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# CA Geometry: Area, pythagorean theorem

## Video transcript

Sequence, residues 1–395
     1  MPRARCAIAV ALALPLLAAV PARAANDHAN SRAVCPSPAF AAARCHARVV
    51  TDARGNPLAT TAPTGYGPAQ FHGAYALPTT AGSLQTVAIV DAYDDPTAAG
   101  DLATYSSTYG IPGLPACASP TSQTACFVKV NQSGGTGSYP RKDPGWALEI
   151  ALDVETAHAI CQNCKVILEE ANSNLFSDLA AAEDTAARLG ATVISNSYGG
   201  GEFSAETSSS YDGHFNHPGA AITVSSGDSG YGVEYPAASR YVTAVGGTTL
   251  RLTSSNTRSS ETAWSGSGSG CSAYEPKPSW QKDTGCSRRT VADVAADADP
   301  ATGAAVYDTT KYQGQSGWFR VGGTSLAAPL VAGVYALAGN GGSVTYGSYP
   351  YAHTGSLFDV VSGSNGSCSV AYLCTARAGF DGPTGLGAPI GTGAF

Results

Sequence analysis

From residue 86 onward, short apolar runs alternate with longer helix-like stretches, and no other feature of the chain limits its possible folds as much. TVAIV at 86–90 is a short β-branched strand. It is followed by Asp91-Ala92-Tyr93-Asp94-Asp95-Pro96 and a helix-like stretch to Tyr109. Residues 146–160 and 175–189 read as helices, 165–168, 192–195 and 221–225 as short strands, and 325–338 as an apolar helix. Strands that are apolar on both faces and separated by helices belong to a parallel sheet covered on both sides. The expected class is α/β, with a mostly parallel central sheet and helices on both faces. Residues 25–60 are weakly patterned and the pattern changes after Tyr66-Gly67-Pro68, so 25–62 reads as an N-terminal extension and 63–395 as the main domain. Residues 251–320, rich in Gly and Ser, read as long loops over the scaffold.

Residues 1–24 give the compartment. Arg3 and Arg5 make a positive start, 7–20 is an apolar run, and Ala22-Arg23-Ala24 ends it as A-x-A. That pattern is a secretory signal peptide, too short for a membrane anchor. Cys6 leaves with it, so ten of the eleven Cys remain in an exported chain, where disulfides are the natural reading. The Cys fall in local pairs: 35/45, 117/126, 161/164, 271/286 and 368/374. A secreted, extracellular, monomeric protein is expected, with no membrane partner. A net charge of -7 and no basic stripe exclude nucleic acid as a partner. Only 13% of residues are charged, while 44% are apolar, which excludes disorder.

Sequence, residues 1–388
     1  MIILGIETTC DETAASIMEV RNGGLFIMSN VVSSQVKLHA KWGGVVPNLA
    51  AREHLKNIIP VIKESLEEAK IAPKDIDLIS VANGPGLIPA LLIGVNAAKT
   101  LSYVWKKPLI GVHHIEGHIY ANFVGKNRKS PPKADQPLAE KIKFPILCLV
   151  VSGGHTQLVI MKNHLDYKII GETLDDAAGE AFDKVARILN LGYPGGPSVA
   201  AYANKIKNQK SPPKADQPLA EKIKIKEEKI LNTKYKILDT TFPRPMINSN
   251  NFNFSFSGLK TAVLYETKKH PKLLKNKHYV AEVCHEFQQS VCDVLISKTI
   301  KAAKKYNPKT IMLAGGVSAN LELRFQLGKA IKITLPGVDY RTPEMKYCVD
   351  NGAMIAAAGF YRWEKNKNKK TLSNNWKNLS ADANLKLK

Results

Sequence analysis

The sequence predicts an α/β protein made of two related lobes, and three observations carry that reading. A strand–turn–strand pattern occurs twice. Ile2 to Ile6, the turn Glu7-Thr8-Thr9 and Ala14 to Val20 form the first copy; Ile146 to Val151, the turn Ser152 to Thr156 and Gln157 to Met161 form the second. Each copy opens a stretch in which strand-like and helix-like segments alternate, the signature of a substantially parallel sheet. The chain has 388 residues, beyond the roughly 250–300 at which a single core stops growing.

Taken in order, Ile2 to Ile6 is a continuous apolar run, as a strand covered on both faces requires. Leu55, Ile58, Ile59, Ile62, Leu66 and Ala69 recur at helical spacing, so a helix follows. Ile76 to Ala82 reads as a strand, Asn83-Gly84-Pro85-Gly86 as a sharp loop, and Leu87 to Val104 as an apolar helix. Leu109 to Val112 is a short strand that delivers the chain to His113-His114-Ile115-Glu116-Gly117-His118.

All right. We're on problem 26. For the quadrilateral shown below, a quadrilateral has four sides, measure of angle A plus the measure of angle C is equal to what? And here, you should know that the sum of all the angles in a quadrilateral are equal to 360 degrees. And you might say, OK, I'll add that to my memory bank of things to memorize. Like the angles in a triangle are equal to 180. And I'll show you no, you don't have to memorize that. Because if you imagine any quadrilateral, let me draw a quadrilateral for you. And this is true of any polygon. So let's say this is some quadrilateral. You don't have to memorize that the sum of the angles is equal to 360. Although it might be useful for a quadrilateral. But I'll show you how to always prove it for any polygon. You just break it up into triangles. Then you only have to memorize one thing. If you break it up into triangles, this angle plus that angle plus that angle has to be equal to 180. And this angle plus that angle plus that angle have to be equal to 180. So the angles in the quadrilateral itself are this angle and this angle. And then this angle and this angle. Well this one is just the sum of those two, and this one's just the sum of those two. So if these three added up to 180. And these three added up to 180. This plus this plus this, plus this will add up to 360. And you can do that with an arbitrarily shaped polygon. Let's do five sides, let's do a pentagon. So one, two, three, four, five sides. Wow, how many angles are there in a pentagon. Just break it up into triangles. How many triangles can you fit in it? Let's see. One, two. Each of these triangles, their angles, they add up to 180. So if you want to know that, that, that, plus that, that, that, plus that, that, and that. That would just be 180 times 3, which is 540. And that also would be the angle measures of the polygon. Because these three angles add up to that angle. That's that. Those angles add up to that one. Those angles add up to that one, and those angles add up to that one. So now hopefully, if I gave you a 20 sided polygon, you can figure out how many times can I fit triangles into it. And you'll know how many angles there are. And the sum of all of them. But anyway, back to the quadrilateral. A quadrilateral, the sum of the angles are going to be 360 degrees. So, if we say, measure of angle A, plus measure of angle C, plus these two angles. Let me write it down. Plus 95 plus 32 is going to be equal to 360. So I'll just write A plus C, just a quick notation. Let's see, 95 plus 32 is 127. Plus 127 is equal to 360. A plus C is equal to 360 minus 127. And what is that? That is 233. Right, and that's the choice. Fair enough. Question 27. If ABCD is a parallelogram, that's the sides are parallel, what is the length of segment BD? So they want from here to here. And this is just another interesting thing, I'm not going to prove it right now, but this is a good thing to know, especially if you become a mathlete. Because it shows up in math competitions every now and then. If you have a parallelogram, the opposite sides are parallel, then their diagonals are actually bisecting each other. Which means that they split the other diagonal in two. So this diagonal splits this diagonal in two. So if this is 6, this is also going to be 6. And this diagonal splits BD in two. So if this is 5, then this is also 5. So BE is 5, ED is 5, then BD has to be 10. Choice A. Let me copy and paste 28 in here. A right circular cone has radius 5 inches and height 8 inches. Fair enough, they've drawn it for us. What is the lateral area of the cone? Good, they gave us a definition. Lateral area of a cone is equal to pi times r times l, where l is the slant height. So we know what r is, they give us r. r is 5. So we just have to figure out what the slant height is, this l. Well this looks like a Pythagorean theorem problem. This is a right angle, I know it's all weird because it's three dimensions. But this forms a right triangle. We're just kind of picking one slice of the cone that includes the pointy part. We say 5 squared, plus 8 squared is equal to l squared. This is a right angle, l is the hypotenuse. So we get 25 plus 64 is equal to l squared. So that's 89 is equal to l squared. And so, l is equal to the square root of 89. Unless, I've made a mistake someplace. Square root of 89. Oh good, I see a square root of 89 there already. So we probably are on the right track. So l is equal to the square root of 89. And they give us the formula for the lateral area of a cone as pi r l. So pi r l is equal to pi times r, the radius of the base, which is 5. Times this slant height, which is the square root of 89. This equals 5 pi times the square root of 89. Which is, I just peeked and saw, choice D. Whenever you see a number like 89, you begin to get worried. But it's good that that was one of the choices. Problem 29. OK. Let me copy and paste it. Clear this image. It's early on a Saturday morning, my wife is still sleeping. We're expecting our first child in a month. So I figure the sleep is good for her. Gives me more time to record math videos. OK, I don't know why I go onto those tangents. OK, figure ABCD is a kite. And it looks like a kite. What is the area of figure ABCD in square centimeters. Well everything they're giving us is in centimeters. So if we just stay in centimeters we won't have a problem. So what's the area of this? So we just figure out the area of each of these triangles. And what's the area of a triangle? The area of a triangle is equal to 1/2 base times height. So what's the area of this triangle? Well, actually, this is symmetric. If we know the area of this triangle, we know the area of this triangle. Because this is 6 and 8, this is 6 and 8. So the area of this one is 6 times 8 is 48. 48 times 1/2 is 24. This one is also going to be 24 by the same argument. So when you add them together, you get 48. Those two combined are going to be 48. Now, this triangle, 8 times 15 times 1/2. That's 4 times 15, which is equal to 60. And this is going to have the same area by the same argument. 60. We don't even have to multiply by 1/2, because we're going to multiply by 2 eventually. Or add it to each other again. So anyway, we have 60 plus 60 plus 24 plus 24, that's 120 plus 48, so 168. Choice C. Next problem. Problem 31. I like these problems. Now that we're out of the whole part that they were getting into congruencies and similars. And I thought they made a couple of mistakes on some of those. Anyway, if a cylindrical barrel measures 22 inches in diameter, how many inches will it roll in 8 revolutions along a smooth surface? So we could imagine a wheel. It's a tire of some kind. So let me draw a circle. So if we look at the cylindrical barrel from the side, because I think that's all we care about. That's its side. They say, a cylindrical barrel measures 22 inches in diameter. So this distance right here. That distance right there is 22. And what they say is, this thing is going to roll 8 revolutions on a smooth surface. It's going to go around 8 times. It's going to roll and move to the right. So how long will it roll? So if you think about it, it's going to cover its circumference 8 times. If this point is starting touching the ground, after it moves a circumference of distance, that point will be touching the ground again. An easy way to think about it is, as this thing moves to the right, as it rolls, when it moves 1 foot, 1 foot along of circumference will then be touching the ground. Or 1 cm, or 2 inches or whatever. Then 2 inches along its circumference will be touching the ground. So it's going to go 8 circumferences in 8 revolutions. So what's the circumference of this? Circumference is equal to pi times the diameter. The diameter they already gave us is 22. So the circumference is equal to 22 pi. So it's going to move 8 circumferences in 8 revolutions. So 22 pi times 8 is 176 pi. And that's choice C. See you in the next video.